Profiting From the Return of Risk Aversion

by Tyler Craig | November 8, 2012 8:27 am

The knee-jerk reaction to Wednesday’s long-anticipated election was one of negativity, to say the least. Any and all assets associated with risk were jettisoned from portfolios as money poured into the usual suspects of safety — U.S. Treasuries and the U.S. dollar.

Click to Enlarge
A brief survey of the PowerShares DB US Dollar Index Bullish Fund (NYSE:UUP[1]) reveals Wednesday’s pop in the greenback wasn’t all that significant. It already experienced a breakout from its recent two-month bottoming formation and has been in the process of rising for the past few trading sessions. Consider Wednesday a mere continuation of the breakout move.

Click to Enlarge
Treasuries, on the other hand, did experience a noteworthy move. The high-volume surge in the ISHARES Barclays 20+ Year Treasury Fund (NYSE:TLT[2]) breached the pivotal 50-day moving average as well as the upper trendline of a multi-month symmetrical triangle. If yesterday’s rally was indeed the resolution of the narrowing range that bond-watchers have been waiting for, a new up-leg in TLT may be in the cards.

Of course, your outlook on bonds should be influenced in part on which direction you think stocks will travel. If you’re of the opinion that yesterday’s downdraft in stocks will continue in the coming weeks, then bonds should keep rising.

For those looking to acquire additional bullish exposure to TLT, one play worth considering is initiating a bull put spread. This particular vertical spread consists of selling an out-of-the-money put option while simultaneously buying a further out-of-the-money put option. The position is entered for a net credit, which represents the max reward. The maximum risk is limited to the distance between strike prices minus the net credit.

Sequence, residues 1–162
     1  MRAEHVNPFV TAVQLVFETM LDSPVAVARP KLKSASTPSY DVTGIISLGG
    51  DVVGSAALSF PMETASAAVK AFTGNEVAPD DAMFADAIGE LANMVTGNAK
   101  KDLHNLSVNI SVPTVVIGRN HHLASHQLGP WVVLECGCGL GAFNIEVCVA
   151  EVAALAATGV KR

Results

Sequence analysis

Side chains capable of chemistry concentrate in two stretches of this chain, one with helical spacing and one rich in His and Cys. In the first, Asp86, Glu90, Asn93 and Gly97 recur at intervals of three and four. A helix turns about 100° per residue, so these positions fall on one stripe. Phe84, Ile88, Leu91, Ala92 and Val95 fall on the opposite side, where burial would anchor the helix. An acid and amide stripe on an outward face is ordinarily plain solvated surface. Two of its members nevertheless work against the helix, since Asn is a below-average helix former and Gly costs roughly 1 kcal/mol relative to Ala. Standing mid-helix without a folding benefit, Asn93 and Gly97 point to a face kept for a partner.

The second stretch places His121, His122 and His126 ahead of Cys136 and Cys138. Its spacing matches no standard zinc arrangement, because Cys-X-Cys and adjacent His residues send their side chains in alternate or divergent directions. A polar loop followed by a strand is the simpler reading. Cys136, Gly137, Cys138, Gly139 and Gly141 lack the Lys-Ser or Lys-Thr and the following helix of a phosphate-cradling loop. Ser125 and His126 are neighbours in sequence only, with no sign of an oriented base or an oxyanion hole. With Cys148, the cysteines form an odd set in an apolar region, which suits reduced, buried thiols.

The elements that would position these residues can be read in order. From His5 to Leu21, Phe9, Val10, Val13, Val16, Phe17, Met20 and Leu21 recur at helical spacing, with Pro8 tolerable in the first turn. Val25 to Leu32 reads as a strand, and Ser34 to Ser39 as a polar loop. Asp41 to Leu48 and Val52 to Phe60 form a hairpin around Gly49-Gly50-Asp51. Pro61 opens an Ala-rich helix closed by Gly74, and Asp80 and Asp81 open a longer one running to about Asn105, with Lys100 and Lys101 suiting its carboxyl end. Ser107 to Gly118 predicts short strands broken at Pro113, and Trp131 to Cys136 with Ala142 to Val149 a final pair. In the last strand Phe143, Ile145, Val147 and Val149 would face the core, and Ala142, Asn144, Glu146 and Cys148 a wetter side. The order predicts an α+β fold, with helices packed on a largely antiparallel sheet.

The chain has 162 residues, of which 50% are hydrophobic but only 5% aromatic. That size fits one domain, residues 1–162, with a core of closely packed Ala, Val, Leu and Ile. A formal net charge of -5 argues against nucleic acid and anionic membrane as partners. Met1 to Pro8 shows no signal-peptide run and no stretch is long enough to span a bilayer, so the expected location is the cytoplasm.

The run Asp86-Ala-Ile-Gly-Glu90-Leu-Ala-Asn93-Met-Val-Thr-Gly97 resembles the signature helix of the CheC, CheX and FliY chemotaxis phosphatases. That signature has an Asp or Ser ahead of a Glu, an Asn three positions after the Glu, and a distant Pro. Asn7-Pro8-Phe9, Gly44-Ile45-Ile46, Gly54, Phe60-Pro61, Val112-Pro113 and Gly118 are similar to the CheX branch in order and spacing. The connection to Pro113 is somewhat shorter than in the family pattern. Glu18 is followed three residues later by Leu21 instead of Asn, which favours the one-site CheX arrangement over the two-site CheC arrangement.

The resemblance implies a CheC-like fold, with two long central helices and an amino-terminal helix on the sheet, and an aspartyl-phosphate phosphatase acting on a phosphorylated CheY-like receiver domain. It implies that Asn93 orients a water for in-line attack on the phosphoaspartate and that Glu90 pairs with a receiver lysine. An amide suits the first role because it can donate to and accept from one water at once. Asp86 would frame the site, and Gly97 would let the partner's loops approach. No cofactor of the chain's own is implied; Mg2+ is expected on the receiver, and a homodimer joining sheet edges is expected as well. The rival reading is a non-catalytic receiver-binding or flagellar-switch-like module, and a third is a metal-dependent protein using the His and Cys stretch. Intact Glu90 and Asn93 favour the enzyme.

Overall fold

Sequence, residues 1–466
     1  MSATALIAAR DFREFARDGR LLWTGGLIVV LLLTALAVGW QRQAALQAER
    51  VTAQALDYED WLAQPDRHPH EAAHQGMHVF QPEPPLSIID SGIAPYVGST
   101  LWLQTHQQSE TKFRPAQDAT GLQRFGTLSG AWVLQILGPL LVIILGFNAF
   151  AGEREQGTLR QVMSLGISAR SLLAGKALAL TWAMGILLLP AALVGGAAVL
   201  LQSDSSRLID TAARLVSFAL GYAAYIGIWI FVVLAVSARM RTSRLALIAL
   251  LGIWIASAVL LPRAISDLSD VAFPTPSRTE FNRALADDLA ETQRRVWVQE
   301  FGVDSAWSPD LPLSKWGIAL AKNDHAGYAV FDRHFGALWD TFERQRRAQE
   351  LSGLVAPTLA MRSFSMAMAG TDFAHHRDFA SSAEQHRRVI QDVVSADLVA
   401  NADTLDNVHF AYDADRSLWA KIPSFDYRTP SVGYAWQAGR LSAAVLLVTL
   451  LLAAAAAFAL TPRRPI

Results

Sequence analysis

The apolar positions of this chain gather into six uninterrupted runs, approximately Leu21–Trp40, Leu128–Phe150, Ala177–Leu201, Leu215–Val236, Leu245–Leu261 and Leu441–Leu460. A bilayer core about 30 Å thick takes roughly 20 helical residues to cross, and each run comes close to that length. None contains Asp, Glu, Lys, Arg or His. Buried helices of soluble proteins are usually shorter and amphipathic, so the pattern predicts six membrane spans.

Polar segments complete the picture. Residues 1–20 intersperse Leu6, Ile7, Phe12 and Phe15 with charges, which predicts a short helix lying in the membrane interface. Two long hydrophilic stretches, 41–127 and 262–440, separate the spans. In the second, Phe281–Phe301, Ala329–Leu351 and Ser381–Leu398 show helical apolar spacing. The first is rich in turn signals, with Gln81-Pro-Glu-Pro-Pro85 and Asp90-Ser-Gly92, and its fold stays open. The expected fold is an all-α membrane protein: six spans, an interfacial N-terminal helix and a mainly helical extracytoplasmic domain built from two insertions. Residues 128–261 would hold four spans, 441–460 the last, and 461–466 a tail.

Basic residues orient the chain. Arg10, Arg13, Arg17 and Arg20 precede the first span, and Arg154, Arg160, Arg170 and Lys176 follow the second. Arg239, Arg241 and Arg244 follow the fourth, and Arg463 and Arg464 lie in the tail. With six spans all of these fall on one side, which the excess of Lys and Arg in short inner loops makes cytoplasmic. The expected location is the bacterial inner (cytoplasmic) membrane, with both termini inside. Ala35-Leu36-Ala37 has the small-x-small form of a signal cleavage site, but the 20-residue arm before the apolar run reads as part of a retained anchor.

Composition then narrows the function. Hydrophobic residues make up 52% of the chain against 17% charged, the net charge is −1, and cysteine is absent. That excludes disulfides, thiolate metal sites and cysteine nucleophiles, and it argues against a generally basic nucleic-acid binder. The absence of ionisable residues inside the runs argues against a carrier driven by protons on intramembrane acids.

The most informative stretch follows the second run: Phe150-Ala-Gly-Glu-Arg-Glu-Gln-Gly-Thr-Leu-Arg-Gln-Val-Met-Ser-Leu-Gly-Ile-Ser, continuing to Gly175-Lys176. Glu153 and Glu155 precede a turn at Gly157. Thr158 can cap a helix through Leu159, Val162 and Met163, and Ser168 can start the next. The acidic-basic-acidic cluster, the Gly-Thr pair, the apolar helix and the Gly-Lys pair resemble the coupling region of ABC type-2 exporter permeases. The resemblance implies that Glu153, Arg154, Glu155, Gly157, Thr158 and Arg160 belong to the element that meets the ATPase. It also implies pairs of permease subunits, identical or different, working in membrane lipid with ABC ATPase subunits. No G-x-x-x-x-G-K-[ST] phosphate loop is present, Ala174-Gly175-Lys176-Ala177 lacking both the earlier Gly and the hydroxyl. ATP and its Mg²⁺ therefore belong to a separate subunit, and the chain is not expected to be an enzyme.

Traders could sell the Dec 119-114 put spread for 70 cents or better. Provided TLT remains north of $119 by December expiration, the put spread will expire worthless, allowing you to capture the entire 70-cent profit. The risk is capped at $4.30 ($5 – 70 cents) and will be incurred if TLT falls beneath $114 by December expiration.

In the event the current breakout in TLT morphs into a fakeout, consider closing the spread if TLT falls beneath support at $120. Your estimated loss per spread at that point would be around 80 cents.

As of this writing Tyler Craig had no positions in any securities mentioned here.

  1. UUP:
  2. TLT:

Source URL:
Short URL: